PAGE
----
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When Will Gas Prices Go Down?


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Gas Prices 2022: When Will Fuel Costs Go Down?

Recent surges in gas prices have had many RVers rethinking their summer vacations plans. A lot of us will be staying closer to home this summer. Many RVers are even forgoing their summer RV travel plans entirely. But recent drops in oil prices already have gas prices dropping in most areas of the country, with the exception of California, where they have increased by 8 cents.

According to AAA, the current national average for a gallon of regular gas is $4.27, six cents cheaper than it was a week ago. In California, the price of a gallon of gas climbed to 5.80. They are still nowhere near normal prices, but it’s a little relief for now. But how long will these lower fuel prices last?

What causes fluctuations in gas prices?

Supply and demand

The vast majority of the increase in gas prices is a direct result of an increase in oil prices. Oil prices fluctuate with the supply and demand for oil products.

The pandemic

During the pandemic, people traveled less. The result was a reduced demand for oil and fairly stable oil prices, which were reflected in stable prices at the pump. The end of the pandemic saw people going back to work and getting back to traveling more than they did in the pandemic years. This resulted in a greater demand for oil products, and prices shot up phenomenally.

The war in Ukraine

Most people know that the ongoing Russian invasion of Ukraine is creating an increased demand for fuel in much of Western Europe. A recent development in the conflict is the complete withdrawal of USA-owned Halliburton company from Russia.

Halliburton joins the 2 other American-owned oilfield technology suppliers who have already withdrawn from Russia due to sanctions. Halliburton has already ceased shipments of machinery and parts that were integral to Russia’s ability to continue producing oil. This will definitely reduce the amount of oil Russia is able to produce. Since Russia is one of the world’s leading oil producers, the result on world oil prices could be significant.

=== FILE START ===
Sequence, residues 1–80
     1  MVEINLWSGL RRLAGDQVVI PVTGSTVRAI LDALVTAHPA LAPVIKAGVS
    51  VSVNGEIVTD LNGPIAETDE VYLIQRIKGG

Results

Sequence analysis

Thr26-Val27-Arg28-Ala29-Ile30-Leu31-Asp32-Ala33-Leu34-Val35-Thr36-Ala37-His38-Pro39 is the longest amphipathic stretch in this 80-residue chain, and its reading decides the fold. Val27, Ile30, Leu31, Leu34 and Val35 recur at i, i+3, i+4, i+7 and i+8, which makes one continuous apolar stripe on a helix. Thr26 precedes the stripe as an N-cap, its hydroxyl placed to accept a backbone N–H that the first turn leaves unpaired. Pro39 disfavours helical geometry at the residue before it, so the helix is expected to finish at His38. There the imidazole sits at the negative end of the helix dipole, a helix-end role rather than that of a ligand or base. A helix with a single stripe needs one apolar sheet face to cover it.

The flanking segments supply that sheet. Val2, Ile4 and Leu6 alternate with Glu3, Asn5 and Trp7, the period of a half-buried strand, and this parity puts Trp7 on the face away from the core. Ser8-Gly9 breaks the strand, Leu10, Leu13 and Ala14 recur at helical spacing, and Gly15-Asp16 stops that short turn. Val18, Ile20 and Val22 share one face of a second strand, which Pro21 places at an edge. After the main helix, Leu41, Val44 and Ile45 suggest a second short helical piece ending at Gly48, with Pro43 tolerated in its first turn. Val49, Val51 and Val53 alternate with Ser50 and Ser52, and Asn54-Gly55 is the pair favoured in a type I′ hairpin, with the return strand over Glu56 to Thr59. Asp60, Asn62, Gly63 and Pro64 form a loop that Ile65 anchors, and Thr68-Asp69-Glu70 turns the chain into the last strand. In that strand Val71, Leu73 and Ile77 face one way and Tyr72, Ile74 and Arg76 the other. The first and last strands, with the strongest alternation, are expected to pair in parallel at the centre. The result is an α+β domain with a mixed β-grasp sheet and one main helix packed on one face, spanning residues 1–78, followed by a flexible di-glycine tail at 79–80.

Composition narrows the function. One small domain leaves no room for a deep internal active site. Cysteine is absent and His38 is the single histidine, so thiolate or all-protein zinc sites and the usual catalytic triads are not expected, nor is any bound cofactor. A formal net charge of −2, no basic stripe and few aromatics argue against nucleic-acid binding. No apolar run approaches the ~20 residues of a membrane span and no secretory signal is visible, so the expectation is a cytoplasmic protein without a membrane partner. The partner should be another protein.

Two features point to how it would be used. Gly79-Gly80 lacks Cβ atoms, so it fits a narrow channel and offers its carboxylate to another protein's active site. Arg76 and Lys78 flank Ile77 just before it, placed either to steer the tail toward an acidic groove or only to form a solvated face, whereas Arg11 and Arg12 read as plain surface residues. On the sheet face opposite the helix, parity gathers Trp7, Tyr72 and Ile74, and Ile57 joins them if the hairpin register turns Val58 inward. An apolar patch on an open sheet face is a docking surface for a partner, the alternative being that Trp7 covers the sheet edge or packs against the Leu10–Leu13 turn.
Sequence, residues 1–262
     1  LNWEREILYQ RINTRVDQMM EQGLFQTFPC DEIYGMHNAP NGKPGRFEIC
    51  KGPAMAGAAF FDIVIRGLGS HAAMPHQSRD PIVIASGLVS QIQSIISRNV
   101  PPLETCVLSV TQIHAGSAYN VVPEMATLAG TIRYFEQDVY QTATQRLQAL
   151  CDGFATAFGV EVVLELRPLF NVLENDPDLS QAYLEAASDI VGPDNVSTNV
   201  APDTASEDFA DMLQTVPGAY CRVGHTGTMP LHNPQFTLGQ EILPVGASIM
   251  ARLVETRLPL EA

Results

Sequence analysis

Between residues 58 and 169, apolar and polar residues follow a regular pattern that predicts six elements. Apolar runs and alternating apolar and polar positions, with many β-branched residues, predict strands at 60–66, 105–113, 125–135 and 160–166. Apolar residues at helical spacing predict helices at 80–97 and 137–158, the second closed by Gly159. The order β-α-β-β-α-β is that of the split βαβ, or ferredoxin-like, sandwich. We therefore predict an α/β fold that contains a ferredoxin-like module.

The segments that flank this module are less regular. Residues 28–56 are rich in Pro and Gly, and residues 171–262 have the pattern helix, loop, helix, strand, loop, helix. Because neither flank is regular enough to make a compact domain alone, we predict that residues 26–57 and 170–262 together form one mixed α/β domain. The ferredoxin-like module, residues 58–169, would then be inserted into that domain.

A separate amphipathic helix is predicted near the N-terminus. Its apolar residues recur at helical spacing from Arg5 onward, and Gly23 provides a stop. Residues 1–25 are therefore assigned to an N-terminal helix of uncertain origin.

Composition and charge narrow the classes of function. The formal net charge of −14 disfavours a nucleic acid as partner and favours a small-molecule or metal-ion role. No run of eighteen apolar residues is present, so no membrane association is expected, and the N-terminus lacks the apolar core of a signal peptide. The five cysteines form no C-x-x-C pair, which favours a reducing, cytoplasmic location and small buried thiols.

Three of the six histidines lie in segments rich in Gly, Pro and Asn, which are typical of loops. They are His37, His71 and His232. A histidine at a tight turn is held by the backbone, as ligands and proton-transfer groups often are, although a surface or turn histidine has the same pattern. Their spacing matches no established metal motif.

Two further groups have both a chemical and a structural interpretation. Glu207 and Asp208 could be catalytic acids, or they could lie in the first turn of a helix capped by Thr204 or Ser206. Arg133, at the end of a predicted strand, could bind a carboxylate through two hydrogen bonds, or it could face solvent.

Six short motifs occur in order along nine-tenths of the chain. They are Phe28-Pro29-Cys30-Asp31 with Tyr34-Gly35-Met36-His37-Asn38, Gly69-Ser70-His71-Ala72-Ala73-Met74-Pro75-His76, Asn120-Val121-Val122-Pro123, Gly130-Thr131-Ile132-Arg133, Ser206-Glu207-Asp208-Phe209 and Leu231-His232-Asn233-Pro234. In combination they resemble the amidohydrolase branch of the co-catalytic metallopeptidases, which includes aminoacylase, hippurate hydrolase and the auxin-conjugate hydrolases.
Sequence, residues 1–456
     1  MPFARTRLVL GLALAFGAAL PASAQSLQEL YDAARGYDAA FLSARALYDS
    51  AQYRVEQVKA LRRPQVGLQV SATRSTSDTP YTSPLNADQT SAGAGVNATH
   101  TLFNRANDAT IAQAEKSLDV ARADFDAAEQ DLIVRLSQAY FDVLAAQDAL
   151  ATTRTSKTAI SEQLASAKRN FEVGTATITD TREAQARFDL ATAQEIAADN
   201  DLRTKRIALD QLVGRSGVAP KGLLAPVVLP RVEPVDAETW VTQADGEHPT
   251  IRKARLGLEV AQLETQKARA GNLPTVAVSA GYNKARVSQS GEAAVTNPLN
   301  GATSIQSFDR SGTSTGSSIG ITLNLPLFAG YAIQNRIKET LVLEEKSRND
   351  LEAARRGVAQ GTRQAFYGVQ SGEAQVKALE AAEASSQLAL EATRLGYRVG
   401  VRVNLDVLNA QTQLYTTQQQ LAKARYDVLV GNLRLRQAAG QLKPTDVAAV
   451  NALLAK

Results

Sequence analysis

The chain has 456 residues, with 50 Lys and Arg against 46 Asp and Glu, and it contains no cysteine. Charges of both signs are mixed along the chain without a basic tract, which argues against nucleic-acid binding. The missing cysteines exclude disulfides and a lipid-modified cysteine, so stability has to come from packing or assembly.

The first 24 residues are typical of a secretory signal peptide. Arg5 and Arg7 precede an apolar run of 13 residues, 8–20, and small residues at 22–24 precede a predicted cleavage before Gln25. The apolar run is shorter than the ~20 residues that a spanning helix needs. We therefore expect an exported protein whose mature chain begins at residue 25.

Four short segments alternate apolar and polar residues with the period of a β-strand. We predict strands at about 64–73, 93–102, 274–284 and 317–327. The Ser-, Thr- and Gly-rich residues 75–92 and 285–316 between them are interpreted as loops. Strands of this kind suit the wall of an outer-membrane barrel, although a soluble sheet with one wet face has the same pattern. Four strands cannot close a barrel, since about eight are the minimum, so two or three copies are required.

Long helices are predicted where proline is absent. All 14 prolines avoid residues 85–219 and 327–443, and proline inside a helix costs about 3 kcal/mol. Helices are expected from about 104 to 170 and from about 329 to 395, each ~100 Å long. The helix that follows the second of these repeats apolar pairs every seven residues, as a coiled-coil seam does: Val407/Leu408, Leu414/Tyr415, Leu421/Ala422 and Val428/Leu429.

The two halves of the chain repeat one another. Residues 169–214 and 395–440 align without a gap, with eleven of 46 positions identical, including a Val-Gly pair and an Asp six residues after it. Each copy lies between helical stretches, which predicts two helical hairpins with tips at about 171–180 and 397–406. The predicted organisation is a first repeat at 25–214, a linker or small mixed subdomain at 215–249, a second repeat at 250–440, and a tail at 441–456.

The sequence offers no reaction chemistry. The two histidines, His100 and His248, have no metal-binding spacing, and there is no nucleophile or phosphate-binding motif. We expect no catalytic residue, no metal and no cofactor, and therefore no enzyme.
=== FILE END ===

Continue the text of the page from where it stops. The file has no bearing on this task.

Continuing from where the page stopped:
Weather events

Any event that reduces gasoline production capacities at refineries will have a negative impact on gasoline supplies. Low gasoline supplies mean higher gas prices at the pump. February’s winter storm in Texas saw refinery utilization plunge from 83% down to 56%. By the beginning of March, the result of this was higher gas prices.

When will gas prices go down?

While prices may be reduced by a little for the coming months, summer will see increased demand for fuel. This is only because people travel more in the summer months.

The Russia’s ongoing war and decreased production of oil will also increase the demand for oil products, including gasoline. Prices for gasoline should ease a bit by November 2022 as domestic demand eases and winter gas blends become available.

Winter gas is cheaper to produce, so that tends to be reflected in the price. Over the long term, we won’t hold our breath for gas prices to come down to anywhere near historic averages.

How to save money on fuel

Gas Buddy

Now is a better time than ever to look for ways to save on fuel. GasBuddy is an easy-to-use app that you can download onto your phone. You just give it a location and it will come up with a list of local gas stations and prices.

Plan your trips with RV LIFE Pro

It’s also a great idea to plan your trips ahead of time with RV LIFE Pro. By using RV LIFE Trip Wizard to plan your trips in detail, you’ll know exactly when and where you will need fuel for your RV or truck. You can also vet those fuel stops with satellite and street view to make sure you can get in and out safely and back on the road.

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Author Lynne Fedorick Avatar

Lynne Fedorick